We currently grow only cherry tomatoes in our greenhouses, but who knows? If it works out, we may just try some heirlooms in there next year. I’ll admit it; I was watching those plants like a hawk, just waiting for the tiny green globes to turn yellow or red. We had about 2 dozen low-acid yellow tomatoes around the first of June, and before long I had eaten most of them – leaving only a few for Dad. Thankfully I didn’t have to share any with The Boy since “I HATE tomatoes. They’re YUCKY!” He’s half Italian, too, so that in itself is practically blasphemous.
As for field-grown tomatoes, they’re on their way. This hot, dry weather is great for them and up until last weekend they were thriving. We had about 2-inches of rain on Saturday and any tomatoes that were borderline blew up with all the water and split their skins. The sour, fermenting smell of tomatoes rotting in the hot sun is nauseating to me, partly because I know we lost several boxes (and in turn, several dollars) of tomatoes that could have been sold, and in turn, enjoyed by many.
Before the rain, though, we were able to harvest about 5 pounds of both hybrid and heirloom red tomatoes. Dad said, “Oh! I’ll have to take a couple of bad ones to make a salad.” “Dad. [huff] You’ve been farming for 51 years. Don’t you think you have earned the right to eat a few GOOD tomatoes?”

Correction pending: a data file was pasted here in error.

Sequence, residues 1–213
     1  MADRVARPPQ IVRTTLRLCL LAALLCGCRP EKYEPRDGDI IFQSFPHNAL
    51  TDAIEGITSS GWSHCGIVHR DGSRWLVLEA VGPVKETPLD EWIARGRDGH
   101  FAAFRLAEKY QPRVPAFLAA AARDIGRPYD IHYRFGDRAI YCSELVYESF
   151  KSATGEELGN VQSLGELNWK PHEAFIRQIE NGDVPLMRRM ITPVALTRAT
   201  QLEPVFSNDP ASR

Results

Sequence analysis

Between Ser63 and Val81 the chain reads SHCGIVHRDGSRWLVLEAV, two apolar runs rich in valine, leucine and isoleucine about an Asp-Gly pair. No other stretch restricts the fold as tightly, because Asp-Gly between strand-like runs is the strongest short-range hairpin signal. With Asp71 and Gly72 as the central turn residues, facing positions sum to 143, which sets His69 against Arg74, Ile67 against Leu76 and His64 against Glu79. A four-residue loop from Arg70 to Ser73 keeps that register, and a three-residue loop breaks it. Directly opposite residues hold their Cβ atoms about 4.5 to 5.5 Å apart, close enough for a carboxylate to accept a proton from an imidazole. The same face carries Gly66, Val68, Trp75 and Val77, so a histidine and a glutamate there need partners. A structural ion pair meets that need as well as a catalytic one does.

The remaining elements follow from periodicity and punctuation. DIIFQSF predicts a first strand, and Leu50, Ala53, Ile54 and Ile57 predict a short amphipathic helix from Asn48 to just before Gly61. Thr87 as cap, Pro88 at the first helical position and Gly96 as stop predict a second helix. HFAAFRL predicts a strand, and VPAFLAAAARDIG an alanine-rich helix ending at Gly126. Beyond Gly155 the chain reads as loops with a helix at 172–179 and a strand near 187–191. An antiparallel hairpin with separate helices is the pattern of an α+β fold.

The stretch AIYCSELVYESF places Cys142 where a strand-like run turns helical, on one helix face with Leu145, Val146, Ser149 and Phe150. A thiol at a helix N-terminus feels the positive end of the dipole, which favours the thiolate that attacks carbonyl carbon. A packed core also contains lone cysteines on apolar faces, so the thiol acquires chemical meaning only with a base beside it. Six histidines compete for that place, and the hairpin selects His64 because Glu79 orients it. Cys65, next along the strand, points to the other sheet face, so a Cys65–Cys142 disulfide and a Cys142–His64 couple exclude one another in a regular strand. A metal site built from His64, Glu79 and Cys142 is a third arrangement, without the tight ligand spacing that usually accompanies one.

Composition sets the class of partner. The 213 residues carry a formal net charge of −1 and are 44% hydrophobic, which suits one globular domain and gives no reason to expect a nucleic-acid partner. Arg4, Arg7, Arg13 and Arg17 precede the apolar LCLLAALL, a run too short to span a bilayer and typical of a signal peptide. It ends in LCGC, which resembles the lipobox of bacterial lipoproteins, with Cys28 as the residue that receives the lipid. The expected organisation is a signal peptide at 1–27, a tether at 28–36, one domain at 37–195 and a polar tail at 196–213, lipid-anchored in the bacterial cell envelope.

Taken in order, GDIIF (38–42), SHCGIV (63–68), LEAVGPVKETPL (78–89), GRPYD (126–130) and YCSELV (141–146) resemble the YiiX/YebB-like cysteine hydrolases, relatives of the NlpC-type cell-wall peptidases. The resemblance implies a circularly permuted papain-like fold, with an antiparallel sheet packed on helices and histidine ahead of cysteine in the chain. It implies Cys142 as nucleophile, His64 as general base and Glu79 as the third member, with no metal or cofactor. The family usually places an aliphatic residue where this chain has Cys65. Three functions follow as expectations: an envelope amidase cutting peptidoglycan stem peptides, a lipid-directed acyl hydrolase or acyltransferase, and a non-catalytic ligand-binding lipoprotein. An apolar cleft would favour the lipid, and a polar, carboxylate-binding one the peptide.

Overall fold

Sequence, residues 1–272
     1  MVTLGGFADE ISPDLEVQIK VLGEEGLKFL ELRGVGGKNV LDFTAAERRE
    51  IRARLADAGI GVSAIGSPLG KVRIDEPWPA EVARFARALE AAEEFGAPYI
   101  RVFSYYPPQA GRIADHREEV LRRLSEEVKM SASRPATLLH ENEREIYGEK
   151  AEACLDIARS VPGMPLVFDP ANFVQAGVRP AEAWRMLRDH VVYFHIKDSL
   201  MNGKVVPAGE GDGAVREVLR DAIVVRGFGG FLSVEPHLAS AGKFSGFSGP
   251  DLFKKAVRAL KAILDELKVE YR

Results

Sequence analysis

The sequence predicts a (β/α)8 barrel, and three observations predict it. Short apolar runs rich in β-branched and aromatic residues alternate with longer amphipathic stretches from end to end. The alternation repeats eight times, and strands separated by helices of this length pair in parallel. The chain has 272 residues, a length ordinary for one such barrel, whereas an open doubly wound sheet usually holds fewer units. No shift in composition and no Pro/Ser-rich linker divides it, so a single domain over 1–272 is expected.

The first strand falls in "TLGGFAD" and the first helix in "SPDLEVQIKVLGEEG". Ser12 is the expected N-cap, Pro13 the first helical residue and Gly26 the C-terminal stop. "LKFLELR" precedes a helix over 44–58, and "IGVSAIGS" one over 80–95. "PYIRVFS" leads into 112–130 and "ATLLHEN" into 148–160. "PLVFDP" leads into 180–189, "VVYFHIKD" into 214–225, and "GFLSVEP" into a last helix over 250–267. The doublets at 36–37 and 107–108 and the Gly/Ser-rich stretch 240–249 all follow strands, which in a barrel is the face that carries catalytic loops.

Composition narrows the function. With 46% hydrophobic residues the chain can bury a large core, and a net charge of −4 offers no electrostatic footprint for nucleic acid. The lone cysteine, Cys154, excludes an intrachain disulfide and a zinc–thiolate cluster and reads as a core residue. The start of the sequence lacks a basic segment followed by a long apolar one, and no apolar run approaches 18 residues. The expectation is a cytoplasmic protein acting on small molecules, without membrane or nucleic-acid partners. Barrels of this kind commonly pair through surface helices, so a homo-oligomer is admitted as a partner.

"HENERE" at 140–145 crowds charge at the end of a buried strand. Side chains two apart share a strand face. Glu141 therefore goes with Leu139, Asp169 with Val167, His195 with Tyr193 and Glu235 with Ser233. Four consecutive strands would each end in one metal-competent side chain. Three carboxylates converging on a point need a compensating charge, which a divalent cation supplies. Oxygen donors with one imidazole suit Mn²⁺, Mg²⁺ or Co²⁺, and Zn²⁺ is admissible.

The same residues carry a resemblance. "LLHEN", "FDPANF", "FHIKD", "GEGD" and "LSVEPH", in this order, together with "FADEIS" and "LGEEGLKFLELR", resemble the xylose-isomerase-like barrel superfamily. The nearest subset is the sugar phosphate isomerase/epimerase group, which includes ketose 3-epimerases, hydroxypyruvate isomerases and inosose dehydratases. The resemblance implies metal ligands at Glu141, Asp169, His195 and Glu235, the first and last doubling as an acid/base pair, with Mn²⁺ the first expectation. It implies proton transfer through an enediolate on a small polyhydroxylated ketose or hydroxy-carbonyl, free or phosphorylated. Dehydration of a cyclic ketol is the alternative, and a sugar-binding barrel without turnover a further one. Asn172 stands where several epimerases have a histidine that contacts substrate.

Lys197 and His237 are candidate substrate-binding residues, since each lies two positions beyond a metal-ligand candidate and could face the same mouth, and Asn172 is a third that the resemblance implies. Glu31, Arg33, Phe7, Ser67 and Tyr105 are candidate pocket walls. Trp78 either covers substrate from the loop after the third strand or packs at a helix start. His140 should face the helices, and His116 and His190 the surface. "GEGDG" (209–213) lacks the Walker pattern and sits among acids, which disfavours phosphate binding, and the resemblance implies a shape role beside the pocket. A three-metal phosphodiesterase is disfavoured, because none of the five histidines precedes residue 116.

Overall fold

He said that’s just the way he thinks. And I don’t think that’s so bad… afterall, the shoemaker’s kids are always running around barefoot, right? It took some effort, but in the end, I convinced him to take a few home.
As our regular tomato aficionados know, Bialas Farms is famous for the Polish Plum. This tomato is very meaty and grows to be about the size of a woman’s fist. The skins peel easily and they make such a thick sauce that it’s often necessary to add water! They make the best oven-dried tomatoes, too. The seed for these had been brought from Poland well over half a century ago, and each year we save the best fruit so we can harvest and store the seeds for next year’s crop.